In this paper published in Nature Communications, we show that many new cichlid fish species evolved Lake Mweru, all of which evolved from hybrid origin. We show that in the nearby Lake Bangweulu, there are no new cichlid species and no evidence for hybridisation. This paper shows that hybridisation can explain species richness differences. Hybridisation can provide large genetic variation that facilitates the evolution of new species taking advantage of different ecological niches such as different food types or habitats.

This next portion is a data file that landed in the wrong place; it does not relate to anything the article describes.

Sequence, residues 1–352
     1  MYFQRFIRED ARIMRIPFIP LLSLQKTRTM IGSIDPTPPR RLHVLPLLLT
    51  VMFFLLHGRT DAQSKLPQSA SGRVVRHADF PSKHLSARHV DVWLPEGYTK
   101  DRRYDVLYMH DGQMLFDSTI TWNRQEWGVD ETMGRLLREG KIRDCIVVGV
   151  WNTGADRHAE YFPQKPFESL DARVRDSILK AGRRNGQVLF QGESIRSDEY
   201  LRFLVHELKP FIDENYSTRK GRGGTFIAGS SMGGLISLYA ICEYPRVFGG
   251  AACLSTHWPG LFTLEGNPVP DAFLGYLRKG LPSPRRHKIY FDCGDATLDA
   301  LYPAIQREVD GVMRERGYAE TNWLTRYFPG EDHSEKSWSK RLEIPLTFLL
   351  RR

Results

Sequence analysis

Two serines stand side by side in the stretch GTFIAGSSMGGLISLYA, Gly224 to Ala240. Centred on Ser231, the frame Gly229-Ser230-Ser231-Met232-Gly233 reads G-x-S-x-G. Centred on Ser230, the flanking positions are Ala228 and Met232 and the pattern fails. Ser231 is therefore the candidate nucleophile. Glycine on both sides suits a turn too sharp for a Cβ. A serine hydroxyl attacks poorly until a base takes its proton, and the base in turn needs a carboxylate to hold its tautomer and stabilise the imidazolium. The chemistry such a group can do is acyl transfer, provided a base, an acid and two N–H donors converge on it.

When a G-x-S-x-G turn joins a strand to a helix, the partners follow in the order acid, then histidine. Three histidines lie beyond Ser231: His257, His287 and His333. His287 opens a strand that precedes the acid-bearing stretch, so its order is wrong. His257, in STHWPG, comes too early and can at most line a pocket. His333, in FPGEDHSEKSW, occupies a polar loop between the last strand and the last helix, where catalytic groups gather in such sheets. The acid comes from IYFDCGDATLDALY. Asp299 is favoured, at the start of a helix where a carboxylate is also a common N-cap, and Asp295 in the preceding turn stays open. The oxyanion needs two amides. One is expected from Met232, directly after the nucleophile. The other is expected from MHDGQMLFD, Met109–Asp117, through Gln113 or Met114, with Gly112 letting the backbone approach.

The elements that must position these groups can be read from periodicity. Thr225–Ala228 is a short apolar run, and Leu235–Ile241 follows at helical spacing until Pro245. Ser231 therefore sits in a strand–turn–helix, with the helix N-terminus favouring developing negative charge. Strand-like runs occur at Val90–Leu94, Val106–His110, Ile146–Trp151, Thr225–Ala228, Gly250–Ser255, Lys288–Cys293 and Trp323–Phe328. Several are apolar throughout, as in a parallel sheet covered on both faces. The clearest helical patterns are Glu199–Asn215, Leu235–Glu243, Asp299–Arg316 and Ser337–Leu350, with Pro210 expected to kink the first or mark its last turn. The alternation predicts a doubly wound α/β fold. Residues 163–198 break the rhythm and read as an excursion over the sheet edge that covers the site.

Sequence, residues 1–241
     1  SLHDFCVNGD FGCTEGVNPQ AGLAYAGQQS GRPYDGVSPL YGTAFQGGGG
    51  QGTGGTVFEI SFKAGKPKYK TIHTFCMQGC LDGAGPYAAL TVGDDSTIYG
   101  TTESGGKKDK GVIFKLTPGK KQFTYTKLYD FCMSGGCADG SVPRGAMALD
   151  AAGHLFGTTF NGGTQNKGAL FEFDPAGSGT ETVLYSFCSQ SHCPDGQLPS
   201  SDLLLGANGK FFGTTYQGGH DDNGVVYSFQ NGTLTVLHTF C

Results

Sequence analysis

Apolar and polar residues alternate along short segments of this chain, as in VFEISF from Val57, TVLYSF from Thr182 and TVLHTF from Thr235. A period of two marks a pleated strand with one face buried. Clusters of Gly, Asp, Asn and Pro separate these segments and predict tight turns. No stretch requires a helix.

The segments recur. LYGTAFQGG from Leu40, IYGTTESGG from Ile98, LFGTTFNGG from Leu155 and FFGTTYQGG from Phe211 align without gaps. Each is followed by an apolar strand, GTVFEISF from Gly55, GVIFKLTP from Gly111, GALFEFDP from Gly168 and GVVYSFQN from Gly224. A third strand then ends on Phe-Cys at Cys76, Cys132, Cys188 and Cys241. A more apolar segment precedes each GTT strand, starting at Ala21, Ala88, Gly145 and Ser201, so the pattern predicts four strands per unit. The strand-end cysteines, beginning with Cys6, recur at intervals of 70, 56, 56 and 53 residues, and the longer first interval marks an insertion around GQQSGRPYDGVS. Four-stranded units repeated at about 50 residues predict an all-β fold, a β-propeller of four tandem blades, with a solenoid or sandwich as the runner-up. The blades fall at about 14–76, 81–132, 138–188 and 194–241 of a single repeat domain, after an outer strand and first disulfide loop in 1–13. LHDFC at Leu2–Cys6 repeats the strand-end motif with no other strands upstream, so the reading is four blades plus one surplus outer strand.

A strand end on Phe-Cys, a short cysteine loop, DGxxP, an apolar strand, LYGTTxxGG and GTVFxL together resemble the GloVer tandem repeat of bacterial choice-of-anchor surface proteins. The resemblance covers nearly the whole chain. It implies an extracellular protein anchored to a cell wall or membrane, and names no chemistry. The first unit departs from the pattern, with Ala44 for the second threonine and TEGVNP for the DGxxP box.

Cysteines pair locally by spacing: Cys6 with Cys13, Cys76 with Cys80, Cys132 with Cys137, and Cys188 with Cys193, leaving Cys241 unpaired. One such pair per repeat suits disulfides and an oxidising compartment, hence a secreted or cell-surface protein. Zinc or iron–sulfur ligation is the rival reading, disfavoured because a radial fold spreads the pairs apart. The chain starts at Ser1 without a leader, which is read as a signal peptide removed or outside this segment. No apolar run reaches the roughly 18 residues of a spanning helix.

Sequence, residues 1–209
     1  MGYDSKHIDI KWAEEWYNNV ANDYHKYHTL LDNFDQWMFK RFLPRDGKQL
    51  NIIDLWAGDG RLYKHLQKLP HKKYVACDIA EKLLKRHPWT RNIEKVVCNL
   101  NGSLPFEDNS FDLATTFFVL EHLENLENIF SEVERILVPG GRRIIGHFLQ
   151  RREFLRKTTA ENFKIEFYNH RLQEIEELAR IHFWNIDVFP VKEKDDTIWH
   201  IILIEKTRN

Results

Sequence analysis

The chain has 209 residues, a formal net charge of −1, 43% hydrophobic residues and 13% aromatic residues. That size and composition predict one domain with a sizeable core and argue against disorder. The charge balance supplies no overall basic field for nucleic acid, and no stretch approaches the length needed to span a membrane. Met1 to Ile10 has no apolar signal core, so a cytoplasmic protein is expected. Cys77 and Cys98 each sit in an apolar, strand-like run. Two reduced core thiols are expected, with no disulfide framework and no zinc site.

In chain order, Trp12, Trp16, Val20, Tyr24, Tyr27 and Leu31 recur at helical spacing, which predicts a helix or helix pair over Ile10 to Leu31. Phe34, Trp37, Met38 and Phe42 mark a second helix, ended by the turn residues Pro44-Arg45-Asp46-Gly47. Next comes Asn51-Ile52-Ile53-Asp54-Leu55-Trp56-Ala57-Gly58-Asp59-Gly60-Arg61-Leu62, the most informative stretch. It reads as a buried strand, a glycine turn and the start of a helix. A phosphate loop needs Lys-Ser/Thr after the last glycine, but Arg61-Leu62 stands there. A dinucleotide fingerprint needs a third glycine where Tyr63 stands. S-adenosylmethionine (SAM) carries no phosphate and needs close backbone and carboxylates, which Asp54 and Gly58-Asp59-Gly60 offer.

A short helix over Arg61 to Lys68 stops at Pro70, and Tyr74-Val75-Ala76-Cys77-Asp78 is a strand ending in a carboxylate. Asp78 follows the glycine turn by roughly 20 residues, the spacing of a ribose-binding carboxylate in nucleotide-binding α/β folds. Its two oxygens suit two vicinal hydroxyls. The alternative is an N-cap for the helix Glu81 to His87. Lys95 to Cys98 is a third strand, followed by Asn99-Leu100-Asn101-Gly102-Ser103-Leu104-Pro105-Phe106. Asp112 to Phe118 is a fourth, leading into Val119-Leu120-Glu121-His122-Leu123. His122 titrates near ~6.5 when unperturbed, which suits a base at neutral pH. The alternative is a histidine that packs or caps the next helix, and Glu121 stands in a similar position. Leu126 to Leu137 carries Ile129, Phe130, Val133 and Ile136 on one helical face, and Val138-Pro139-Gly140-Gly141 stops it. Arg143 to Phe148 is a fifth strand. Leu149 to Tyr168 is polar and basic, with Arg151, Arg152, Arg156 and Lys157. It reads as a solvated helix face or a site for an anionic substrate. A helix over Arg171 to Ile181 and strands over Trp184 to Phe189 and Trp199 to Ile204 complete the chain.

This project was started by Ole Seehausen, Cyprian Katongo and Rike Stelkens plus others who set out for two East African Lakes that were thought to not harbour cichlid radiations despite presence of cichlids in the region and considerable lake sizes that would provide enough ecological opportunity for adaptive radiations [Read the Behind The Paper story]. With huge fishing efforts, measuring and classifying many hundred fishes (mostly by Ole) and performing extensive genomic data analyses (my part), we found that Lake Mweru cichlids have all evolved since a river capture event brought Zambezian and Congolese cichlid fishes together in Lake Mweru. These cichlids hybridised and diversified into over 40 species. Multiple radiations evolved from different combinations of ancestral lineages and these radiations complement each other beautifully. Nearby Lake Bangweulu got colonized by the same Zambezian lineages but not by the Congolese lineages. Here, no adaptive radiations occurred despite of all the ecological opportunities this lake provides.